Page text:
This conversation around best interests duty came about because brokers’ current legal obligation to make sure a loan was “not unsuitable” was vague, D’Vaz said. But if a best interests duty was adopted, the challenge would be defining it.
“When it comes to measuring, will it be about writing the lowest rate? Is that meeting their clients’ needs and objectives? That’s an interesting debate on its own,” D’Vaz said. “It will just be business as usual” for those brokers already doing the right thing, he said.
Aaron Milburn, director of sales and distribution at Pepper Money, said brokers shouldn’t be overly concerned because they already acted in the best interests of their customers. The question wasn’t whether brokers acted in the best interests of their customers but how they demonstrated that they did.
“At the roadshows we’ve been running for the last five years, we’ve been saying it’s about documenting and making sure you have a process in place to show why you chose that particular solution for your customer,” Milburn said. “It takes a real understanding of the person’s circumstances to ensure that you place them in the right loan in the best interests of them and their family.”
Jake Sanders, head of third party sales at Firstmac, agreed that the emphasis should be on formalising brokers’ documentation processes, which could add another layer of compliance. “If it’s handled the right way, I don’t see it being too labour-intensive [compared to] what brokers already do.”
The commission’s interim report, which was released on 28 September, focused on the misconduct of the major and non-major banks. The seventh round of public hearings started on 19 November and covered policy questions arising from the first six rounds.
The commission’s final report should offer recommendations to the government on a number of matters affecting the broker channel, including its commission structure.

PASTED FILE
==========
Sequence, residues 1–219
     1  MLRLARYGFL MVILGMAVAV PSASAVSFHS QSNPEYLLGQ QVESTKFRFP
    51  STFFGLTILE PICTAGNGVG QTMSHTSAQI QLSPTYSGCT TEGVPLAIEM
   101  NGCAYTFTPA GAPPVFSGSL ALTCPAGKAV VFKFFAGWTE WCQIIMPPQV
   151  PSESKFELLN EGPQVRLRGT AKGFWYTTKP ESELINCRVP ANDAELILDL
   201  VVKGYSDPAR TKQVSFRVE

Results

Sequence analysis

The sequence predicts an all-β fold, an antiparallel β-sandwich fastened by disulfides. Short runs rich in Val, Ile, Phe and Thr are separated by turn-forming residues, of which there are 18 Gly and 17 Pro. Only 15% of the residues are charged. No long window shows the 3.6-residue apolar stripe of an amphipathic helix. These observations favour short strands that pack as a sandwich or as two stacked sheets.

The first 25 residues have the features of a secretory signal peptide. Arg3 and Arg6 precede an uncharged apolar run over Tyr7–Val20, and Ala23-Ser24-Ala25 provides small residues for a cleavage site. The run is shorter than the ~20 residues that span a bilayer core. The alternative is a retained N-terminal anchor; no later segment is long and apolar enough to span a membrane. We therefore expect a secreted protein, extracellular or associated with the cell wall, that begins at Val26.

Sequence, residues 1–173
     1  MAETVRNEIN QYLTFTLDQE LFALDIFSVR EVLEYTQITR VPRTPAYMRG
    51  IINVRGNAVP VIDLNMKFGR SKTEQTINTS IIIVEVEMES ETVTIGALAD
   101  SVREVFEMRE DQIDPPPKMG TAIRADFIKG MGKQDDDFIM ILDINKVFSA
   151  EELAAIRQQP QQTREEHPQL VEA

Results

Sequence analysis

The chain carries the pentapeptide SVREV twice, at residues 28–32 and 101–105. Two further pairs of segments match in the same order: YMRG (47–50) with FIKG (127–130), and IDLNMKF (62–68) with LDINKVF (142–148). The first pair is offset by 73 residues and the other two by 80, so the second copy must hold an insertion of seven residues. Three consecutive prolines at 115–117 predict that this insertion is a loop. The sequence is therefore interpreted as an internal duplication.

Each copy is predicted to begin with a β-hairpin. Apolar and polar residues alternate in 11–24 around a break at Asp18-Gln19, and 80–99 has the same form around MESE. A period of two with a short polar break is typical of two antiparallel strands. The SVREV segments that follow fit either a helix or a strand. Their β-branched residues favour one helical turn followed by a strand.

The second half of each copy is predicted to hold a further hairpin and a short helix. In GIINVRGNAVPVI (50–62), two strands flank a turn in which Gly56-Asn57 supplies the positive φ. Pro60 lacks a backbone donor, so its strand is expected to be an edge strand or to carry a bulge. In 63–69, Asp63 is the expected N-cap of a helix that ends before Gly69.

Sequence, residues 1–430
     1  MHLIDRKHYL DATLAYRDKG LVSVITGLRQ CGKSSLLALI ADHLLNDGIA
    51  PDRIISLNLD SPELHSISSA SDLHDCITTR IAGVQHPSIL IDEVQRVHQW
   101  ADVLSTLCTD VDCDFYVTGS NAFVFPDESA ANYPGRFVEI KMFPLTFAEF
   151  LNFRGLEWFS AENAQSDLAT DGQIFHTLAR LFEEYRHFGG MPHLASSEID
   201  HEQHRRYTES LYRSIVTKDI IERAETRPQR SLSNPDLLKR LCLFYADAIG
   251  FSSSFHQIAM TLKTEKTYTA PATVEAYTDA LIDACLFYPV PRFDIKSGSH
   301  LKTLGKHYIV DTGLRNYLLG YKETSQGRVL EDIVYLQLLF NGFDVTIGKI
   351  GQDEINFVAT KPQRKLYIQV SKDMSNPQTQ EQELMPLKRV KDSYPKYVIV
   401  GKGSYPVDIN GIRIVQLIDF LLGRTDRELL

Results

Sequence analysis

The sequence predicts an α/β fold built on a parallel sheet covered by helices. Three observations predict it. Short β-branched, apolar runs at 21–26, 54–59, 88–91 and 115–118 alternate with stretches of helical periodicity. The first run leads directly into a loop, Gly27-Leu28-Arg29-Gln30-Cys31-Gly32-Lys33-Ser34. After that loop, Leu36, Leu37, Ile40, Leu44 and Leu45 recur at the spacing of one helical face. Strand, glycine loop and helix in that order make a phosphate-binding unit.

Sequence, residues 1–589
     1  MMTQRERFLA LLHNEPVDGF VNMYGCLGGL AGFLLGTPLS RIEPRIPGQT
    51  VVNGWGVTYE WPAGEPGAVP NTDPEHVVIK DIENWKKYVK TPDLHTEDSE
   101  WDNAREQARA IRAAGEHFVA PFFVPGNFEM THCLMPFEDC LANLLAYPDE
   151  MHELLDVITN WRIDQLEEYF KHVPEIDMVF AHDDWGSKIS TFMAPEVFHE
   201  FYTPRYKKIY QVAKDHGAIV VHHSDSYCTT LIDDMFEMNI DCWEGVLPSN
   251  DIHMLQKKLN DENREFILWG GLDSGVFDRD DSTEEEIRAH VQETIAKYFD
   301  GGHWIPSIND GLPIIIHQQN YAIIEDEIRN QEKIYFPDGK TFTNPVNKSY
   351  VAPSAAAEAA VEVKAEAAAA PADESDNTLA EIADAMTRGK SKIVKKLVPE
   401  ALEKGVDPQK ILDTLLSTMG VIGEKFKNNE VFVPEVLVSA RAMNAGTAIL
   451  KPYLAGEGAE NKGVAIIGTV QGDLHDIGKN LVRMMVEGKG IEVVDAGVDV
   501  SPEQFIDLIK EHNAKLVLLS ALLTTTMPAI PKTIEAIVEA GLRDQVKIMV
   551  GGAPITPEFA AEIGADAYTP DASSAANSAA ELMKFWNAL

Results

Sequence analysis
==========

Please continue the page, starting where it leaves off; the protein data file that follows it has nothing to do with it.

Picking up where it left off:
While the non-banks are not part of the commission’s purview, they have been watching from the sidelines in anticipation of the ripple effects.
Q: How will the royal commission affect how non-banks operate, if at all; and what do you think will be the long-term effects of this inquiry on the entire industry?
Daniel Carde, general manager of third party distribution at Homeloans, said the non-banks were already conforming to the heightened regulatory environment, just like the mainstream banks were doing. “Will we see some change? I think we’ll see some more robustness around the regulators and how they handle any misconduct, but in terms of how the lenders are operating today, I don’t think we’ll see a lot of change. Whatever is implemented will be across the board,” he said.
Bannister addressed one of brokers’ major concerns, which is whether the commission will affect the availability of credit. Numerous sources, such as the RBA, Moody’s Investors Service and UBS, have acknowledged that this is a likely outcome.
On the frontline brokers are already receiving many clients who used to go directly to the banks but are now being turned away.
Assisting this underserved market is where the non-banks come in. “It’s our time to shine,” Bannister said.
“UBS made some interesting observations around credit tightening and the potential credit crunch scenario. … If you go down the credit crunch theory, according to UBS, where the banks are conducting very detailed due diligence on the same pieces of information, that [underserved] market opens up to $70bn to $90bn. So for all of us it’s an incredible opportunity, but one that comes with incredible responsibility.”
In the meantime, D’Vaz added, “we’ll sit on the sidelines, watch, wait and listen, and we’ll just adapt. We’re an industry that adapts very quickly”.
Upon returning to this theme later in the roundtable, MPA asked how brokers should prepare for the future changes that might come out of the royal commission.
“We are all in this together as an industry, and whatever comes out of this royal commission impacts us all” - Daniel Carde, Homeloans
Diversification was highly recommended. “Some of these issues around trail commissions are likely to impact code-regulated space only, so I would say you need to have a portion of your book in commercial, SMSF and motor. If you haven’t already done so, now is the time to make sure you have other avenues of revenue in your business,” Bannister said.
Sanders noted that having the conversation with a non-bank could be the difference between writing the deal or not.
“Go into those client meetings with your eyes wide open, look for opportunities, be more holistic in your approach to how you service your customer,” he said.